See Important Quotations Explained Summary Friendship is clearly necessary and splendid, but people disagree on its precise nature. Friendship consists of a mutual feeling of goodwill between two people. There are three kinds of friendship. The first is friendship based on utility, where both people derive some benefit from each other.
Since justice, friendship, and community are closely related, it is far worse to abuse a close friend or family member than it is to abuse a stranger. There are three kinds of political constitution: Tyranny is the corruption of monarchy, where the tyrant looks out for his own interest rather than that of his subjects.
Oligarchy is a perversion of aristocracy, and democracy is a perversion of timocracy, but neither is as bad as tyranny. Monarchy is analogous to the father-son relationship, aristocracy to the husband-wife relationship, and timocracy to the relationship between brothers.
Corrupt political institutions are like those relationships where no friendship exists, as in the master-slave relationship.
Problems between friends occur most frequently within friendships based on utility. On the whole, the person who receives a service, and not the giver, should determine the value of that service.
In unequal friendship, it is important that each person receive an appropriate benefit. Analysis In discussing friendship, Aristotle seems intent on discussing every kind of interpersonal relationship and deals at some length with family relationships and political institutions.
Nonetheless, his model of ideal friendship is that which exists between two aristocratic men of great virtue. These men are not bonded together through need, utility, or familial duty, but rather through mutual respect and virtue.
Aristotle explains that friendship is the act of loving rather than the act of being loved. It is important that friendship be active, since Aristotle treats friendship as an energeia, akin to pleasure and happiness.
Friendship is one of the essential components of the good life, and the value of friendship is in having and enjoying it. While we in the modern world certainly place a high premium on friendship, it carries far more importance for Aristotle.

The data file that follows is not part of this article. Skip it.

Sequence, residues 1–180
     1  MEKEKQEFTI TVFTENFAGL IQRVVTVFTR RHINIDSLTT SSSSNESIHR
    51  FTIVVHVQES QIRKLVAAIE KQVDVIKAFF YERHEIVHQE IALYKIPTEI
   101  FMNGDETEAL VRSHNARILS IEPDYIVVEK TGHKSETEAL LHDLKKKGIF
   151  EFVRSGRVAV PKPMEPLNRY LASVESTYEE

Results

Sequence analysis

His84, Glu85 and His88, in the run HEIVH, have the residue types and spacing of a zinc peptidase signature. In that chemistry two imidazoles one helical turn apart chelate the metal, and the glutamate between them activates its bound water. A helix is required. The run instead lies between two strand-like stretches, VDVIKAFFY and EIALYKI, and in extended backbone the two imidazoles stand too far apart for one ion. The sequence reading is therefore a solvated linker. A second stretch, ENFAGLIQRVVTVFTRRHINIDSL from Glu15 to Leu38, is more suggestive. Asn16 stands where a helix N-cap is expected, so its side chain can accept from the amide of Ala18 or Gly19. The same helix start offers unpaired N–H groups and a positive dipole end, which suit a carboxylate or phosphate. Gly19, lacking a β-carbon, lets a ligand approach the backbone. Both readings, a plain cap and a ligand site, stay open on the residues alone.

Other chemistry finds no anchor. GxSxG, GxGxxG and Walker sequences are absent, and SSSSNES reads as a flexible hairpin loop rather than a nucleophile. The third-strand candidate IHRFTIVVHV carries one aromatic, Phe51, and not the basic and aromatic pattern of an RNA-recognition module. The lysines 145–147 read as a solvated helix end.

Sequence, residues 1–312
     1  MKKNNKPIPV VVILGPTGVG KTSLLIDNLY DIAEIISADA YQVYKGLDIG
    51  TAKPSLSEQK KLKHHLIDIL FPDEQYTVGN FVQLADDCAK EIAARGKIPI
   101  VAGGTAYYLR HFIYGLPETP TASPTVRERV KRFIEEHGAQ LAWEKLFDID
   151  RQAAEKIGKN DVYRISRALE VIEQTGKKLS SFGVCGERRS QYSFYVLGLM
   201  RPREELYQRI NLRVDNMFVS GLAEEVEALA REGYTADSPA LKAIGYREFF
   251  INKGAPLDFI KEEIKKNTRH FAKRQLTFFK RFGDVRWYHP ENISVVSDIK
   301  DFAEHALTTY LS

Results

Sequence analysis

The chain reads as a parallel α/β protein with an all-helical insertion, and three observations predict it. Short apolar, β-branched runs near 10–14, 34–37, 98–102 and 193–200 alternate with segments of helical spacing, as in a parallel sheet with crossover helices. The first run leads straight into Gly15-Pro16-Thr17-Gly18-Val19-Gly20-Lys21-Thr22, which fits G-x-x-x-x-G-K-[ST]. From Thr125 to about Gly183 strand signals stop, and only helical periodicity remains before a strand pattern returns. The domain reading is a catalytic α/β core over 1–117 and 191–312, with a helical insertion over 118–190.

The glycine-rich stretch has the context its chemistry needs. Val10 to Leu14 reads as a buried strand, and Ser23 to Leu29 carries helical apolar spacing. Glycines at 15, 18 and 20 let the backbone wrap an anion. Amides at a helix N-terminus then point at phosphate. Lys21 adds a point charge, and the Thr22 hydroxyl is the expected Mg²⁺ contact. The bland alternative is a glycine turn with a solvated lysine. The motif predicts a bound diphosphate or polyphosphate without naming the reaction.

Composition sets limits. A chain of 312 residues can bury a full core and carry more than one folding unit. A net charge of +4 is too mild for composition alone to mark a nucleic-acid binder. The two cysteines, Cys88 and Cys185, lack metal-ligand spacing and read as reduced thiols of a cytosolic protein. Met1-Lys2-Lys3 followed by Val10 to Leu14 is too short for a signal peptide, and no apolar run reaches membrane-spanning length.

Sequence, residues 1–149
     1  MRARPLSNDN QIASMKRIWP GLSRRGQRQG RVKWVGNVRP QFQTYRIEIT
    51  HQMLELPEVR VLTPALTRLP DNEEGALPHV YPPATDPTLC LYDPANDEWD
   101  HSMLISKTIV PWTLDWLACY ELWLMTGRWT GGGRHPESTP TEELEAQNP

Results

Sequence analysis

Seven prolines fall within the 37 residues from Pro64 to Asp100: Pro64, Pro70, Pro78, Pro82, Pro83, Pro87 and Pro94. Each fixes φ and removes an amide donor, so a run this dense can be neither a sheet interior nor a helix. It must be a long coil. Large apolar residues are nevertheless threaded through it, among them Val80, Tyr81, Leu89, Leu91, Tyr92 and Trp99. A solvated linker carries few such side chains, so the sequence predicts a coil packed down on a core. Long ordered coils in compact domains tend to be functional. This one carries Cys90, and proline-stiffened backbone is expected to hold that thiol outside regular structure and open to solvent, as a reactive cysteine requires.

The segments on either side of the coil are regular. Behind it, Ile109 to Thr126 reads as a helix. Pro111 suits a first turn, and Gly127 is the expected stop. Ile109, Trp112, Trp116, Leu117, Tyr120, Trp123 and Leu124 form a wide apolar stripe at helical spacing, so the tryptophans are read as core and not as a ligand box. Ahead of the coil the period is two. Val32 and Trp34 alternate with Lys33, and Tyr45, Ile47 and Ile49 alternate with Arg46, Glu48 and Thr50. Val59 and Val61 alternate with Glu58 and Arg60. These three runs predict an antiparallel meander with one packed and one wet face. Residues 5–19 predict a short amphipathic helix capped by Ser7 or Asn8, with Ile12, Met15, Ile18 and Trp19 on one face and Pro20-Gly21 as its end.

Friendship no longer carries significant philosophical importance to us because we live in a world where individualism predominates. While most of us are not singlemindedly selfish, we generally assume that we each choose our own path in life, which is defined by a personal set of goals and values.
Friends are a help and a comfort along the way, but we cannot expect them to share all our goals and values.In speaking of this sort of friendship, Aristotle seems to have in mind primarily a sort of business or commercial relationship.
It is the lowest of the three types of friendship and is the least enduring. Nicomachean Ethics By Aristotle. Commentary: Quite a few comments have been posted about Nicomachean Ethics. Download: A text-only version is available for download.
Friendship seems too to hold states together, and lawgivers to care more for it than for justice;. Aristotle on Friendship Essay Words | 3 Pages Aristotle On Friendship Philosophical Ethics December 6, Friendship is undoubtedly one of the most important elements in the books of Aristotle's ethical principles.
Aristotle adds that friendship is indispensable for human life and happiness. -Annis. So friendship is a necessary part of human flourishing.
Given that we are social creatures, building relationships with others is a natural function, and friendships occur when we build these relationships well. Aristotle seems to believe, in fact, that. Aristotle figured there were three kinds of friendships.
1) Friendships of utility: exist between you and someone who is useful to you in some tranceformingnlp.com instance, perhaps you're friendly with your. In book VIII of Aristotle's The Nicomachean Ethics (; a6 - a30), the notion of 'The Three Kinds of Friendship' (Philia) is expressed.
Holding that there are three basic kinds or species of friendship that bind us together expressing that in respect to each there exists a mutual and recognised love.